What is an Entomologist?
Table of Contents
An entomologist is someone who specifically focuses on the scientific study of insects, with most entomologists focusing on a specific type of insect. For instance, an entomologist who focuses on bees is called an apiologist, one who studies beetles is called a coleopterist and one who studies butterflies is known as a lepidopterist. Careers in this field can range from agricultural entomology to forensic entomology. They may also study the insect's nutrition, ecology, morphology or behaviour. The career possibilities of an entomologist are endless.
How to Become an Entomologist
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Delaware Technical Community College-Stanton/Wilmington | Wilmington, DEOffers: Associates
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What does an Entomologist do?
Entomologists study insects and their relationship to humans, other organisms, and the environment. The study of insects creates the building blocks for developments in chemical and biological pest control, food production, biological diversity, and a variety of other fields in science. They may specialize in agriculture, ecology, physiology, or insecticide toxicology. An entomologist studies the classification, life cycle, and habits of insects. They will often work with other scientists on joint projects such as creating pest resistant crops. They could also work with parasitologists or other microbiologists to develop new vaccines and medicines that combat insects that spread diseases. They investigate ways to control insect pests, parasites, predators, and pollinators.
Many entomologists specialize in one kind of insect such as:
- Coleopterology -the study of beetles
- Dipterology -the study of flies
- Hemipterology - the study of true bugs
- Lepidopterology -the study of moths and butterflies
- Melittology (or Apiology) -the study of bees
- Myrmecology -the study of ants
- Orthopterology -the study of grasshoppers, crickets, etc.
- Vespology -the study of wasps
Entomologists work for governments, post-secondary institutions, and museums. Chemical manufacturing and pharmaceutical companies also hire entomologists to conduct research and present new products for professionals in forestry, agriculture, and medical communities. They may also work for independent companies to advise clients in insect control.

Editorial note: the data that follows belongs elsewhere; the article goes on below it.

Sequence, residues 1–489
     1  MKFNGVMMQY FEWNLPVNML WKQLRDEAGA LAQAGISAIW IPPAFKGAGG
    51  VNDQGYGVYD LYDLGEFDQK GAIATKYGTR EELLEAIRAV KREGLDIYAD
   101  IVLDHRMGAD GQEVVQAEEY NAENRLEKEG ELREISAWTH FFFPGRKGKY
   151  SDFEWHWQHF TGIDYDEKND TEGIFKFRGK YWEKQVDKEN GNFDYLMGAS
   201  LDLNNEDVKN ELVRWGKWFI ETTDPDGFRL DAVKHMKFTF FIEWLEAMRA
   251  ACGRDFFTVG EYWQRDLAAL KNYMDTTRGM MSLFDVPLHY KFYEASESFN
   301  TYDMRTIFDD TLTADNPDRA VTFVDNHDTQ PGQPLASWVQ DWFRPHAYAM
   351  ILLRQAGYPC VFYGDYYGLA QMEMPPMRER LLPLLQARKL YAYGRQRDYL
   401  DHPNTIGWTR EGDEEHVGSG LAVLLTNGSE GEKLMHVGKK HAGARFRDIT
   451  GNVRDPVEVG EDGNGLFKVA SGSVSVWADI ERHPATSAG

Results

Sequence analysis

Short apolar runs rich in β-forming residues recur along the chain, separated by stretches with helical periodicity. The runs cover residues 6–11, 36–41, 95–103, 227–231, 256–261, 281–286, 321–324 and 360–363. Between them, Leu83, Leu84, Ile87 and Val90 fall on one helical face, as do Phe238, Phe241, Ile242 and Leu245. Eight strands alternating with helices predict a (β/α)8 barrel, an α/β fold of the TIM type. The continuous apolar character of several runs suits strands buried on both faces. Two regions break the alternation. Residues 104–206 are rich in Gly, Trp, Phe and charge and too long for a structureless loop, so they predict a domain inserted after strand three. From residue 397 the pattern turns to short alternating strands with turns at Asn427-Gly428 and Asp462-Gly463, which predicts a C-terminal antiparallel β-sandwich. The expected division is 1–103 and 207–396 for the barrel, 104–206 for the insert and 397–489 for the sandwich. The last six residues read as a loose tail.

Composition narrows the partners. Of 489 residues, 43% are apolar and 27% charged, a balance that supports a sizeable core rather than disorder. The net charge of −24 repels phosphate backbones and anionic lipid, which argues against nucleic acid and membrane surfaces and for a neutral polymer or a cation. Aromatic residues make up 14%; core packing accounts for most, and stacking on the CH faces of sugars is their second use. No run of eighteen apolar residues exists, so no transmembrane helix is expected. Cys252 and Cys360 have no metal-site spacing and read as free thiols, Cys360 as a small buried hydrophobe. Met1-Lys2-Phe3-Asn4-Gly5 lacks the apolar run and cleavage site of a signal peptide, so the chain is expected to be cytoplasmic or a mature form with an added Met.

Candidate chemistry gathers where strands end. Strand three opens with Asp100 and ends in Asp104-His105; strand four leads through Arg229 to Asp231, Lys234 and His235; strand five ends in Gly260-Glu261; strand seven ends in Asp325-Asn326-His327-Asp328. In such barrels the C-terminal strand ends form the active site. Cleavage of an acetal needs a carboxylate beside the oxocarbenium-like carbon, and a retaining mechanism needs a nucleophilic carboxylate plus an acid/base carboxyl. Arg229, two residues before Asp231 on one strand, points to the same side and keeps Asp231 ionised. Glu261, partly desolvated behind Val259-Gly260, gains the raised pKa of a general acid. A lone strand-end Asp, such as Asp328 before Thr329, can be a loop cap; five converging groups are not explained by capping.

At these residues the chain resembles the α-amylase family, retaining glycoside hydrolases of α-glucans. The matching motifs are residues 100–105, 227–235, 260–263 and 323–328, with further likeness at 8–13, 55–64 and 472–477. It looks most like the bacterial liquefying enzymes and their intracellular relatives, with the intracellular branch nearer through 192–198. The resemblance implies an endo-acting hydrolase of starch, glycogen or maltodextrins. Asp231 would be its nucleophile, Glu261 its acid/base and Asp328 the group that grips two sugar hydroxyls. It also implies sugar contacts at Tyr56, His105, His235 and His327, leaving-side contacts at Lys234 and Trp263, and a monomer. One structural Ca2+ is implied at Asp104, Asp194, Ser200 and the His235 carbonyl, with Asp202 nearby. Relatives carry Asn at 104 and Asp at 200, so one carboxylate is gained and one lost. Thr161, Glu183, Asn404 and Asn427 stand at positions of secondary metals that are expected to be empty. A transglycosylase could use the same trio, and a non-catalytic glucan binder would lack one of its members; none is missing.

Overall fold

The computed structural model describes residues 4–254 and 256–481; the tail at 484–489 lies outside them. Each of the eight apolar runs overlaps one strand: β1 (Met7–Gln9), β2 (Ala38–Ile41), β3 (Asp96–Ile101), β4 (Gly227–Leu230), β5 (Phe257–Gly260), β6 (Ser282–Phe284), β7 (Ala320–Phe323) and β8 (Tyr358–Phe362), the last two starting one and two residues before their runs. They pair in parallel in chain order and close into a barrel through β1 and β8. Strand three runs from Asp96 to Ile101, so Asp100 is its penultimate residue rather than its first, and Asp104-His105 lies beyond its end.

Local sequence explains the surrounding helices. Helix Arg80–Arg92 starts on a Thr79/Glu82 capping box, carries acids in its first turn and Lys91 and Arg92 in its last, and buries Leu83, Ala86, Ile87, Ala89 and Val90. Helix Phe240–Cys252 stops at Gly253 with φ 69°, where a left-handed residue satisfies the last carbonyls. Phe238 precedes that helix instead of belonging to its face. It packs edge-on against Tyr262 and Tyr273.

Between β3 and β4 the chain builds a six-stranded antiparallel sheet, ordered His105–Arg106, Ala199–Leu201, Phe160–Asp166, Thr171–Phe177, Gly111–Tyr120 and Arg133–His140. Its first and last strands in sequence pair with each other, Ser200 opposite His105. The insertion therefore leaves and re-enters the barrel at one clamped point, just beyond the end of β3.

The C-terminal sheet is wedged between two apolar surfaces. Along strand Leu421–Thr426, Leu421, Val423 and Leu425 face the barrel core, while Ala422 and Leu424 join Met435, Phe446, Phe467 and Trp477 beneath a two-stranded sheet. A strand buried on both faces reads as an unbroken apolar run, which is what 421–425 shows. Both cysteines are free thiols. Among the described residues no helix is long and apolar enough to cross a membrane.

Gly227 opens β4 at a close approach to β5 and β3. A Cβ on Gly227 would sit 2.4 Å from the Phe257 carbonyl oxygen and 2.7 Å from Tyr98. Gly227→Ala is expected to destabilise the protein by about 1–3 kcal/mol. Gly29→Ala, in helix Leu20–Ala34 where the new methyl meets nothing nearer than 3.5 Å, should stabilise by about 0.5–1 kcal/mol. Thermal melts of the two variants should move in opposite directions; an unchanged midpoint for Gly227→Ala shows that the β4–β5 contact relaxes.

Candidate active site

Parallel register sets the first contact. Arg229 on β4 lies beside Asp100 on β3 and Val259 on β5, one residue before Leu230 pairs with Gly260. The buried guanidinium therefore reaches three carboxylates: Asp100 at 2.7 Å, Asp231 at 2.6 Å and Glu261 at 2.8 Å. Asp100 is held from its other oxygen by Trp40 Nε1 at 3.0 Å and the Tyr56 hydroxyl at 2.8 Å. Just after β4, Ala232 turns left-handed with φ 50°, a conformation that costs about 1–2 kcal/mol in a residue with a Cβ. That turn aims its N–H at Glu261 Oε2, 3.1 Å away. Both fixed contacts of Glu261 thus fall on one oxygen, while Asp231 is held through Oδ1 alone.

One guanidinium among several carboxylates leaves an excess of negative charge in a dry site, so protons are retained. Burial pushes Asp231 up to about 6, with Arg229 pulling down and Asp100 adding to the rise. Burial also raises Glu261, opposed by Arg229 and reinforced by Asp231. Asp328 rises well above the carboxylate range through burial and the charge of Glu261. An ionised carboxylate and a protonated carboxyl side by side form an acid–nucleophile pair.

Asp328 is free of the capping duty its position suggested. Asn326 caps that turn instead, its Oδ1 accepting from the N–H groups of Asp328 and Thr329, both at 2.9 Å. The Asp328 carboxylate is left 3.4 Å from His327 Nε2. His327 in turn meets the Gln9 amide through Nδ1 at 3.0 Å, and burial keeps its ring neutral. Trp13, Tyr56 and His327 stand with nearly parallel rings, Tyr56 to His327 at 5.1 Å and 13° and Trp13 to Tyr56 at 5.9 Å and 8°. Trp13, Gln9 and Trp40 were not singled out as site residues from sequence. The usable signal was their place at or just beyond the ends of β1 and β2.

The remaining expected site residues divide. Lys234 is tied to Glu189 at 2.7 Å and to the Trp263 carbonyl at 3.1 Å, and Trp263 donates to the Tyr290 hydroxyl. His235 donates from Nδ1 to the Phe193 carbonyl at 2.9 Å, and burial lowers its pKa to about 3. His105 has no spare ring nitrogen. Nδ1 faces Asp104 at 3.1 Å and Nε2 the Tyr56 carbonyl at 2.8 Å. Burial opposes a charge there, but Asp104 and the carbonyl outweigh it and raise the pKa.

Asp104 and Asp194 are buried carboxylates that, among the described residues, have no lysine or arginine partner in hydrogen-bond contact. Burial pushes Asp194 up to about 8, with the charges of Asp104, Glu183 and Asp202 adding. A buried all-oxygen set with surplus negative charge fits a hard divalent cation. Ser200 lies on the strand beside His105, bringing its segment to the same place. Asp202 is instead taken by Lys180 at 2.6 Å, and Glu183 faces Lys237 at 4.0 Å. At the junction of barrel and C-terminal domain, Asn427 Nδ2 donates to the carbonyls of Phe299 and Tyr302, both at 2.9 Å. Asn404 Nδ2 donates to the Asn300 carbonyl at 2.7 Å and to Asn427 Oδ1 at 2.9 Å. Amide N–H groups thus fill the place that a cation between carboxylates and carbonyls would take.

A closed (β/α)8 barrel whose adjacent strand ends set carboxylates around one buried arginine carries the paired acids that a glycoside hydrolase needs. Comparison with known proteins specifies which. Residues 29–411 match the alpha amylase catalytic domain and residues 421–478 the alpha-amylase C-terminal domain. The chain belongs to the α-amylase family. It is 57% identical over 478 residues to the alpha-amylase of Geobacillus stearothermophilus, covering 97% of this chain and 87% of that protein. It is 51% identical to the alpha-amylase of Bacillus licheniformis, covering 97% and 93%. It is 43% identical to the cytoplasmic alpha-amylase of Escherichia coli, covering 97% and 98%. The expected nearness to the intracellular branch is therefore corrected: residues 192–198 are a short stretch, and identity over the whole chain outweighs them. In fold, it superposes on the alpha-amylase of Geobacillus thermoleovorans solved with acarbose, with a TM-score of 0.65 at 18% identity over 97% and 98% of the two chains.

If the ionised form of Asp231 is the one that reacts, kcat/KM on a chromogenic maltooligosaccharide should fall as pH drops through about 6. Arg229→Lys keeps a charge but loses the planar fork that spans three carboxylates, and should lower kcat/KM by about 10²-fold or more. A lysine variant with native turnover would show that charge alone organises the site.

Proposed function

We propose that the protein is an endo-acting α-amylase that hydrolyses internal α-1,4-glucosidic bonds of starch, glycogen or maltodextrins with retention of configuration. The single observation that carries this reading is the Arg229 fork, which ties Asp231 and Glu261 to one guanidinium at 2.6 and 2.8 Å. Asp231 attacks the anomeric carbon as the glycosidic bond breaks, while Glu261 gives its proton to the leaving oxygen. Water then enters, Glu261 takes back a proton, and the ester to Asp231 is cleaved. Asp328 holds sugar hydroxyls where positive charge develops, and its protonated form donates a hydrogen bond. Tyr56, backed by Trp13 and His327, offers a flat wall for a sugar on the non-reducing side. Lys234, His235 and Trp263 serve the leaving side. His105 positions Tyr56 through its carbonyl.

Duties of an entomologist may include:
- Developing methods for preventing the importation and spread of destructive insects
- Discovering and cataloging new species of insects
- Investigating the role of insect pests in agriculture, forests, human health, and the environment
- Preparing publications that help identify different insect species
- Studying the evolution of insects and classifying them
- Conducting research about the control and impact of pest problems
- Developing and implementing pest management programs for both urban and agricultural locations
- Developing methods of controlling harmful insects
- Coordinating public awareness and education programs
- Conducting field and lab tests of pesticides to understand their effect on different insect species
- Curating museum insect collections
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How to become an Entomologist
Anyone interested in this career will first need to receive their bachelor of science degree. Some schools offer undergrad degrees in entomology whereas others include entomology courses within zoology or biology degrees. Students will cover communication/english, advanced mathematics, physics, and chemistry, as well as courses in entomology. Those who complete their undergrad degree can go on to work in pest control, agriculture, and other related fields.
For those that want to work in scientific research, medical research, epidemiology, and other similar fields, entomology students should continue their education and receive their master’s or doctorate degree in the field. Many of these programs require students to complete a research project. These programs can take anywhere from two to four years to complete.
What is the workplace of an Entomologist like?
An entomologist typically works a standard 40-hour week, especially when working in research. They work both indoors conducting lab experiments and outdoors collecting specimens in the field. Field work can be strenuous and might require relocating to remote locations for extended periods of time. When working with poisonous or allergenic insects and chemicals, entomologists are required to take safety precautions.
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